This summer, I read a memoir about illness, a reflection on the loneliness and frustration of convalescence. A friend with chronic pain recommended it to me, and the author helped me to pause and peek inside the experience of injury or illness. With a crash of helpless feelings, it seems all plans go out the window, for who knows how long.
Elisabeth Tova Bailey’s The Sound of a Wild Snail Eating considers how slow life became, how sickness seemed to remove her from the world. Her illness so suspended her life that she begrudgingly befriended a snail; eventually, by learning to move at her new pace, she found some peace and hope. In fact, from what seemed like a suspended reality, she discovered fresh insight into the rest of us spinning around her. She writes,
We are all hostages of time. We each have the same number of minutes and hours to live within a day, yet to me it didn’t feel equally doled out. My illness brought me such an abundance of time that time was nearly all I had. My friends had so little time that I often wished I could give them what time I could not use. It was perplexing how in losing health I had gained something so coveted but to so little purpose.
-Elisabeth Tova Bailey, The Sound of a Wild Snail Eating, kindle loc. 292
This swirling unreality caused me to ask, how could I have encouraged Tova Bailey? What do we know, as Christians, that meets us in that seemingly suspended place, the shock and frustration of chronic fatigue or pain?
I think primarily this:
Blessed are the poor in spirit, for theirs in the kingdom of heaven.
Blessed are those who mourn, for they shall be comforted.
Blessed are the meek, for they shall inherit the earth.
This “sermon introduction” from Jesus is not everything that I might rush to say: “I’m sure you’ll get better soon…I’m sure God has a plan in all this…I’m sure…” Then again, why am I so sure? Jesus doesn’t say anything here about soon or not soon, nor about bad things actually being good. Jesus doesn’t suggest to the poor that they will soon be like everyone else, nor to the mourning that they’re thinking about it all wrong, nor to the meek that everyone will soon be so impressed with their meekness that they’ll never have to be meek again.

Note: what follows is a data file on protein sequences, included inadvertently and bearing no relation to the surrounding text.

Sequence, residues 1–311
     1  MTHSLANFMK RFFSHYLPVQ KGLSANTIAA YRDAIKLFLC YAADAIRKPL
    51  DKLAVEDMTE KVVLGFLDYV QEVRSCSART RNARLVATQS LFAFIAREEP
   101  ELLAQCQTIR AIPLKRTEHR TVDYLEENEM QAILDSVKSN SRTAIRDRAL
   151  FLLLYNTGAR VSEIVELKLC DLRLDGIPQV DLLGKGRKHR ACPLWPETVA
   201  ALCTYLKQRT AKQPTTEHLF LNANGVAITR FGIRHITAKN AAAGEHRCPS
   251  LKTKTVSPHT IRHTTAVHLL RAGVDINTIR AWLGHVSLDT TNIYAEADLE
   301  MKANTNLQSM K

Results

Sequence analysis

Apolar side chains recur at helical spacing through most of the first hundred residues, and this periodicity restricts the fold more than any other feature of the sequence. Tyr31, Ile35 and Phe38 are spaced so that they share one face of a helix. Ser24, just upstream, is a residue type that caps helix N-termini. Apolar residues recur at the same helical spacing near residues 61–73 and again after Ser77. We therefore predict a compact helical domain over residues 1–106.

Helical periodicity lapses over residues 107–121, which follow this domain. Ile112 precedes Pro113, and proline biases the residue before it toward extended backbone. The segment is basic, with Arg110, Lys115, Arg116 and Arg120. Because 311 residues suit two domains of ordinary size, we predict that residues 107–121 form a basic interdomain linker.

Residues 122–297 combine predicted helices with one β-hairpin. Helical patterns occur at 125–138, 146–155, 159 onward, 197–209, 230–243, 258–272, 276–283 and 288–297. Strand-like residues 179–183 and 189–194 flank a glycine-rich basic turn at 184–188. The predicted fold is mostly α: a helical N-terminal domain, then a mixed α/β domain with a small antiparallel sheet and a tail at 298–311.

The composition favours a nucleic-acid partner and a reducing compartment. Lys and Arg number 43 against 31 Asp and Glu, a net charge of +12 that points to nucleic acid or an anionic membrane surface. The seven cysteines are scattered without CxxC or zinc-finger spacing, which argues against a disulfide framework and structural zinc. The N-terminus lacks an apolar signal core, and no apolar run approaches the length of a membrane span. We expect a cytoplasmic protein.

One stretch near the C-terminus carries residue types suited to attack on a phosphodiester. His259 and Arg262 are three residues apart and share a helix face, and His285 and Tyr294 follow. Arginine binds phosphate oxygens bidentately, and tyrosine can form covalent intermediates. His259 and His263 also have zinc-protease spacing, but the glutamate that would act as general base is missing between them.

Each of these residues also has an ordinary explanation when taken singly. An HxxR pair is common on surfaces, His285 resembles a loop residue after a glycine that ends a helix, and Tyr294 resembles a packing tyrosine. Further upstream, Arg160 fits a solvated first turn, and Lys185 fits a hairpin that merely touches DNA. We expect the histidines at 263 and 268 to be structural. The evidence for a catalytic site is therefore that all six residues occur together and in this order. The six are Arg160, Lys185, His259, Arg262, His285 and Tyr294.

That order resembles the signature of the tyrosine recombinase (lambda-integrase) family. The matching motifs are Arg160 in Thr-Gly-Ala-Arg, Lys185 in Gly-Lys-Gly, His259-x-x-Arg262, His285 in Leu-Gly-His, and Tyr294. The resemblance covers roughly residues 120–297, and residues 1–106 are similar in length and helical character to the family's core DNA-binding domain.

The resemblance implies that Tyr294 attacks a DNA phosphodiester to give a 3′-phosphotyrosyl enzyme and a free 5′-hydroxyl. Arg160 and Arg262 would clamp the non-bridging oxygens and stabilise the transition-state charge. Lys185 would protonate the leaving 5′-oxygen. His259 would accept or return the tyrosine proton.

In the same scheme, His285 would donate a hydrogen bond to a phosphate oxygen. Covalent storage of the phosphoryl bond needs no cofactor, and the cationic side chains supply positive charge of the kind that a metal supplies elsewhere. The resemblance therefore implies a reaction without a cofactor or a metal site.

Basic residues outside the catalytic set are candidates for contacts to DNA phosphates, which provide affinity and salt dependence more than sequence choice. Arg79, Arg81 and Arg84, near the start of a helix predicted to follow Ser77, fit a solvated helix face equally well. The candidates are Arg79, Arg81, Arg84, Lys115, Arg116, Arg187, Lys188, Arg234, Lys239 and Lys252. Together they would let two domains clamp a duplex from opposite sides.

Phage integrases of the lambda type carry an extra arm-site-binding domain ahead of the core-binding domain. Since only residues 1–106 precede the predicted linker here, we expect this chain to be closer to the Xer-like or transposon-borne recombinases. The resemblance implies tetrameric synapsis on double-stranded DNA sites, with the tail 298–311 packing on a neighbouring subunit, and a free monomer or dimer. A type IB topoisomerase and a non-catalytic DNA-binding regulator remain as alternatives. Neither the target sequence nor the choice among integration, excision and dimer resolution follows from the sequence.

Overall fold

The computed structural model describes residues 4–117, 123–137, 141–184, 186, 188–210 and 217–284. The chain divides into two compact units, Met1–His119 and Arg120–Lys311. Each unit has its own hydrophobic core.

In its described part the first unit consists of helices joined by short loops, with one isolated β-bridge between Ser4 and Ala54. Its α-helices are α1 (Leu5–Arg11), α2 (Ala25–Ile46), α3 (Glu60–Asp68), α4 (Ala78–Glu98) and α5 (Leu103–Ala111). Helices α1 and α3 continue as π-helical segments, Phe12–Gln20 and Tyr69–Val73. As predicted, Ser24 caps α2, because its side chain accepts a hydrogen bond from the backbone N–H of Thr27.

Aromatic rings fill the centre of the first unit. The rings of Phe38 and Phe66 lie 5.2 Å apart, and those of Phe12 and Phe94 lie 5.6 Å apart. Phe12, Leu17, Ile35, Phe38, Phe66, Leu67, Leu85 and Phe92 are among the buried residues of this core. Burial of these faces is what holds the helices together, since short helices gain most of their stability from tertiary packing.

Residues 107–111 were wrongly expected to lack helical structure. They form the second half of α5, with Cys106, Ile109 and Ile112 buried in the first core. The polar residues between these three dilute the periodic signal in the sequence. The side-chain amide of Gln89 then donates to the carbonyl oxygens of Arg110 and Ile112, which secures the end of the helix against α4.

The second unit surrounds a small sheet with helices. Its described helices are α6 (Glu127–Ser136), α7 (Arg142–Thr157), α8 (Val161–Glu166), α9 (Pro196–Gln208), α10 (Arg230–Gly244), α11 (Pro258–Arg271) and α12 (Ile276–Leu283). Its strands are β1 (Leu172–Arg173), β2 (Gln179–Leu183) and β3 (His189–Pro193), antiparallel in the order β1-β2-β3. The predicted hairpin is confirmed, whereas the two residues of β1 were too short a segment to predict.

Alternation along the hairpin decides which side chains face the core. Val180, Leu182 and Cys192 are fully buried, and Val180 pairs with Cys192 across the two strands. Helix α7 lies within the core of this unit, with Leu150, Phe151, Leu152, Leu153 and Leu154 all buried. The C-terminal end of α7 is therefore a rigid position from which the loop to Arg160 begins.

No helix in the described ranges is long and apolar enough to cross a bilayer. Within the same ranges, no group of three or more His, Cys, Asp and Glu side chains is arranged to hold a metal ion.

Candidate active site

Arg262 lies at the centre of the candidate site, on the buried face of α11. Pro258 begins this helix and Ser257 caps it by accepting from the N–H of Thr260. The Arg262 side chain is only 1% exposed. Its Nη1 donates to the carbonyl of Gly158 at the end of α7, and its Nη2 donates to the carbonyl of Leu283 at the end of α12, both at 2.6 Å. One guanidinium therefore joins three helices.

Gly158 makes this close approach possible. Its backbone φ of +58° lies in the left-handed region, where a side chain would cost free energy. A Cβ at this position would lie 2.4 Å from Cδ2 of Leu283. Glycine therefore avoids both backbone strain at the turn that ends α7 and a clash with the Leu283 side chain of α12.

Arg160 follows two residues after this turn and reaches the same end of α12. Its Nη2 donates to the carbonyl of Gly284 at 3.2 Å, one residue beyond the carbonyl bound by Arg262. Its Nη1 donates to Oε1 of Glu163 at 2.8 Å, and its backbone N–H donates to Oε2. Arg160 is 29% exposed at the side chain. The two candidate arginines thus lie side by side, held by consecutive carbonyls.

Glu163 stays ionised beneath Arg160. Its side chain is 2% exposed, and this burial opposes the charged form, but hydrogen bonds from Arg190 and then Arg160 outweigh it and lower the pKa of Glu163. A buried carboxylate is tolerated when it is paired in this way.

Instead, Jesus makes a promise (one that still takes faith to receive, because we have not seen it come true). It’s not a mantra, teaching us to just see things differently. It’s a personal promise, which means that it’s as trustworthy as the promiser, that the promised gift will be in proportion to the promiser’s power. It’s not primarily about reframing the present; it’s about our hope for real, future change.
Sickness really isn’t fair. Sick people often don’t need proverbs or adages or insights from those of us who haven’t been sick. That’s why we can only pass on a promise–with the quiet voice of those still waiting in hope–from our Maker and King, the one, unlike any of us, who has gone through death itself, who has risen from the dead and turned back to soon raise us too, the Beginning and the End: “Blessed are the poor in spirit, for theirs in the kingdom of heaven.Blessed are those who mourn, for they shall be comforted. Blessed are the meek, for they shall inherit the earth.”
As John tells us, “Beloved, we are God’s children now, and what we will be has not yet appeared; but we know that when he appears we shall be like him, because we shall see him as he is” (1 John 3:2).